Jukebox Heroes: The music of World of Warcraft: Cataclysm

Justin Olivetti
J. Olivetti|08.26.14

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Jukebox Heroes: The music of World of Warcraft: Cataclysm
Cataclysm was the first World of Warcraft expansion that I was not there to experience. While I initially applauded the idea of the devs changing the world and bringing the new tech to old spots, that fundamental change in the land that I used to know so well ended up causing me pain. Nobody likes to think of something beloved changed and lost forever. So I stayed away and missed what is probably the worst-reviewed expansion to date.

As such, it was the first WoW expansion score that I listened to outside of the game. To my ears, it was substantially darker than previous efforts, although there contained moments of beauty and excitement. Due to the nature of the expansion, the soundtrack is all over the place thematically, occasionally rewriting old zone music (alas).

The one thing that really pops out at me from this album is how the composers extensively used various background sound effects and noises to suppliment the tunes. I'm not sure if these were added for the album or if these exist in-game, but they certainly add more in terms of atmosphere. Interestingly enough, one of my all-time favorite World of Warcraft tracks came from this expansion, so it certainly wasn't a wasted effort.

1. Booty Bay

Instead of sounding like your typical jaunty tropical pirate theme, the new music for Booty Bay is far more epic and -- dare I say it? -- serious. Maybe I can detect a hint of swashbuckling in here, but for the most part, it's loud, brash action music that builds to an explosive climax.

2. Castaways

This is that new favorite track that I was telling you about in the intro. I think this comes from the Goblin starter areas, which makes sense when you hear its obvious island rhythm. It's totally a track that you'd hear while on a Caribbean cruise or shopping at Banana Republic. What I love is how it transitions between several different sections, ending up with this memorable whistling-slash-steel drums melody that gets in my head and refuses to leave. Just an all-around excellent track.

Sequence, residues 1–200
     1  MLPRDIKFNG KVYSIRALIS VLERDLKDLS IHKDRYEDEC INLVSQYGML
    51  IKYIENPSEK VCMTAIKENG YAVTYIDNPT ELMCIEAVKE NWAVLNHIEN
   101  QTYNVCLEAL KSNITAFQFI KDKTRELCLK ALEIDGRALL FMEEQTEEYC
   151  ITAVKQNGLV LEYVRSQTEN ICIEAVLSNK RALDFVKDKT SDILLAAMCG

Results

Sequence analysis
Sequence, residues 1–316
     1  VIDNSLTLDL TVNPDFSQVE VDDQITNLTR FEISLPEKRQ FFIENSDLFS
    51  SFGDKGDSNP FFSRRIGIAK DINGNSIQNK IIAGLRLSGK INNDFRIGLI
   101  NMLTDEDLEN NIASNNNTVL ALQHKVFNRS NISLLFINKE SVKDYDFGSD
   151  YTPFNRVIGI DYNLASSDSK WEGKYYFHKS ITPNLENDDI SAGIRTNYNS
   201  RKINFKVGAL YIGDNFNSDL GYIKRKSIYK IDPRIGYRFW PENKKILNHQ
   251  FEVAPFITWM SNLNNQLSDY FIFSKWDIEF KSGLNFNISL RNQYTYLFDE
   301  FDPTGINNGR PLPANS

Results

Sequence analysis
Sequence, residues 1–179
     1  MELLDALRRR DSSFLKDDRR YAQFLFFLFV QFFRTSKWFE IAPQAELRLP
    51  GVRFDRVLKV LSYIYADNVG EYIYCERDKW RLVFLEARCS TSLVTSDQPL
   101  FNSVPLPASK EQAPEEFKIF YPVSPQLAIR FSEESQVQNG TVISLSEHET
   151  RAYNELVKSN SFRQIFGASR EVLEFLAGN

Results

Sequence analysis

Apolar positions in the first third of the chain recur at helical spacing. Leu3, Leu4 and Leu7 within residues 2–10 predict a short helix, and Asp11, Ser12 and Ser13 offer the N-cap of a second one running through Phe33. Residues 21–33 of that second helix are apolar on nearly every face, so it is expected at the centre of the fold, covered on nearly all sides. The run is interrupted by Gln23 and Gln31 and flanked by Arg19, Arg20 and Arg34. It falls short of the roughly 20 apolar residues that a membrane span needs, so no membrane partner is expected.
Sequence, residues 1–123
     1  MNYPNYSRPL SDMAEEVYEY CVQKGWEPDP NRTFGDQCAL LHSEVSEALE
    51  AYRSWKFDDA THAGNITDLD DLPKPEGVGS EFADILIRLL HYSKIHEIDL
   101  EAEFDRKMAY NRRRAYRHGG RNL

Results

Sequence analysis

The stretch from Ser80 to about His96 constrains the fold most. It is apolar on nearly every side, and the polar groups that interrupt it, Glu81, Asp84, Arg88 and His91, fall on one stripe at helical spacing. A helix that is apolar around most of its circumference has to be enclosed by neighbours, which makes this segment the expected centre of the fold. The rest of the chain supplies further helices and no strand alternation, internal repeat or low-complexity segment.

3. Defenders of Azeroth

I think that what I like about this piece is that it's very vintage vanilla World of Warcraft, going so far as to pull elements from the original soundtrack to weave into a new track. While it begins with that trademark WoW heavy chanting, eventually that relents to allow a beautiful forest song to come in and entrance us.

4. Elwynn Forest (Westfall)

There should be a law that MMO makers cannot monkey with the music for any beginner zone. Those zones and the accompanying tunes are inextricably tied together, which is why I was dismayed to see that Cataclysm replaced Elwynn Forest's music with a new track. Now, granted, it's a good track (it wouldn't be on this list otherwise). But it's no classic Elwynn Forest.

5. Nightsong

A hauntingly beautiful female vocal track, Nightsong continues the tradition of Elves getting some of the best music in the game. However, it's the abrupt shift into thrilling action at 1:20 that got my attention. By the end of listening to this, you want to go out and do something instead of just sitting and listening. It doesn't go overboard with the beat, either, but handles it carefully enough to make it exciting without ruining the serenity of the voice.

6. The Shattering

At 12 minutes and five seconds, The Shattering is longer than some web series that I've seen. It's a tradition for World of Warcraft to have these extremely long title screen tracks, but fortunately this is a good one. It has parts of the old login themes but mostly performs the role of an overture to the new tracks and motifs. It's not something I listen to a lot due to its length, but I've heard worse WoW themes.

MMOs aren't just about looks; they also have great soundtracks that often go unnoticed. Heroes don't stand for that! Massively's Jukebox Heroes examines game soundtracks and features the best tunes to share and discuss. Your DJ for the hour is Justin Olivetti, and the request line is open!
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